HIPAA AND THE HITECH ACT
The Health Insurance Portability and Accountability Act of 1996 (HIPAA) along with the HITECH ACT (2009) were enacted, in part, to ensure that personal information stored, accessed or processed adheres to a set of guidelines or security rules. We are HIPAA Certified and support our health care clients in preventing data breaches. Security is as strong as your weakest link. Health care, in particular, is rich in identifiable data which makes it very attractive to the criminal. In 2007, on the black market, a social security number was valued at $5, credit card #’s were valued at $4, and a bank account number sold for a whopping $400.
HITECH Data Breach Requirements
Previously, covered entities were not mandated to notify patients if a breach of their Individually Identifiable Health Information (IIHI) was disclosed. With the HITECH Act, both covered entities* and business associates** that hold, use or disclose “unsecured patient health information (PHI)” have a legal duty to notify certain parties in the event of a “breach.”
A breach is defined as the unauthorized acquisition, access, use, or disclosure of protected health information which compromises the security or privacy of such information, except where an authorized person to whom such information is disclosed would not reasonably have been able to retain such information.
As a direct result of the HITECH Act, if a breach occurs, a covered entity must notify each individual whose unsecured PHI has been, or is reasonably believed to have been, accessed, acquired, or disclosed. Business associates of covered entities must, after discovery of a breach, notify the covered entity of the breach and let the covered entity know the identification of each individual whose unsecured PHI has been, or is reasonably believed to have been, accessed, acquired, or disclosed.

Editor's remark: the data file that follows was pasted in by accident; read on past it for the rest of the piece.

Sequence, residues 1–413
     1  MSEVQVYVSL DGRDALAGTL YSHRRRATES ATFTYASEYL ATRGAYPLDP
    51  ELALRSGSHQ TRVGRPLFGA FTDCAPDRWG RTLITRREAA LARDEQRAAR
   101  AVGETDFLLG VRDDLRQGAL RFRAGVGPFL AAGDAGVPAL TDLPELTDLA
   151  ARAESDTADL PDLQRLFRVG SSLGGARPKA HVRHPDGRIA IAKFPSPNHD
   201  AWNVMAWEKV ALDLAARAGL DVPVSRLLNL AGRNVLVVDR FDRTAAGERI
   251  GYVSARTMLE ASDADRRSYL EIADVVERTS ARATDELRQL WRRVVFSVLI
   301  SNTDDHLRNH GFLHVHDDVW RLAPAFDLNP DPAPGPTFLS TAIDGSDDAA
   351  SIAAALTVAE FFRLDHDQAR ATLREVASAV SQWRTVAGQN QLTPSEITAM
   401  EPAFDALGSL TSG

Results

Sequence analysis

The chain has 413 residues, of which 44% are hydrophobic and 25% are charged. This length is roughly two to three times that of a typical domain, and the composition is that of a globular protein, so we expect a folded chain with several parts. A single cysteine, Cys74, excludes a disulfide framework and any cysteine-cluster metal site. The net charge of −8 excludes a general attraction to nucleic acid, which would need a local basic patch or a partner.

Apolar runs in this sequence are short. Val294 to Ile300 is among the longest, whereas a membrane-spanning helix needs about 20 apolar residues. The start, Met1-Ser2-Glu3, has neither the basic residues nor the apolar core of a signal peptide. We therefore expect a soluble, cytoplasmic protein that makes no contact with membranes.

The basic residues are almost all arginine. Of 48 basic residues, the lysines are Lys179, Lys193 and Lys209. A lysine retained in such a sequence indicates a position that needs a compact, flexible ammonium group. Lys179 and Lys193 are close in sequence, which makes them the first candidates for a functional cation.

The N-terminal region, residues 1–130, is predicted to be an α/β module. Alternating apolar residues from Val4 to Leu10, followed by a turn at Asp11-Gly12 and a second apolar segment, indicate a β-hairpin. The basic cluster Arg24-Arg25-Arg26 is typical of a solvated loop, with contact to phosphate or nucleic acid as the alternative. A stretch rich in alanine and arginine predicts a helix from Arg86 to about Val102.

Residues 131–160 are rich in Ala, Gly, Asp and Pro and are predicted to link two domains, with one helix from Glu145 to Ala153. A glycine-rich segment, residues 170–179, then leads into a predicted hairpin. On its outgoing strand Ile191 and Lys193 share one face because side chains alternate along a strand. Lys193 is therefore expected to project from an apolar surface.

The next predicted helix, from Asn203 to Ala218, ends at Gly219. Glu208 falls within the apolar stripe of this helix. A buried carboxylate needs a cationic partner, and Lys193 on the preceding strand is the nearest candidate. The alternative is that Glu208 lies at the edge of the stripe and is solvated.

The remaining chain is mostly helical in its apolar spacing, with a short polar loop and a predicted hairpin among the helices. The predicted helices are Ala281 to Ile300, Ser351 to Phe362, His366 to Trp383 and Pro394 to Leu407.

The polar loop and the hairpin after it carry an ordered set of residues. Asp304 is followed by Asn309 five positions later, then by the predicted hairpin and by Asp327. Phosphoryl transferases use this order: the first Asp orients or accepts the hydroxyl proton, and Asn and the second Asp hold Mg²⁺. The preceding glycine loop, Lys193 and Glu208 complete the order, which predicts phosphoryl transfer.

A breach is considered to be “discovered” as of the first day on which the breach is known by any member of the workforce. Typically, written notice describing the breach must be made “without unreasonable delay” and it must occur within 60 days of the discovery of the breach.
Whether you are a covered entity or business associate, Wilson Technology Group will help you meet the HITECH Act requirements. You can also go to the following website for more information www.hhs.gov/ocr/privacy
*Covered entity: generally health care payers, providers and clearinghouses.
**Business Associate: performs a function for a covered entity that involves the use of protected health information (PHI). Wilson Technology Group is a business associate for our health care clients who process health care records electronically (EHR).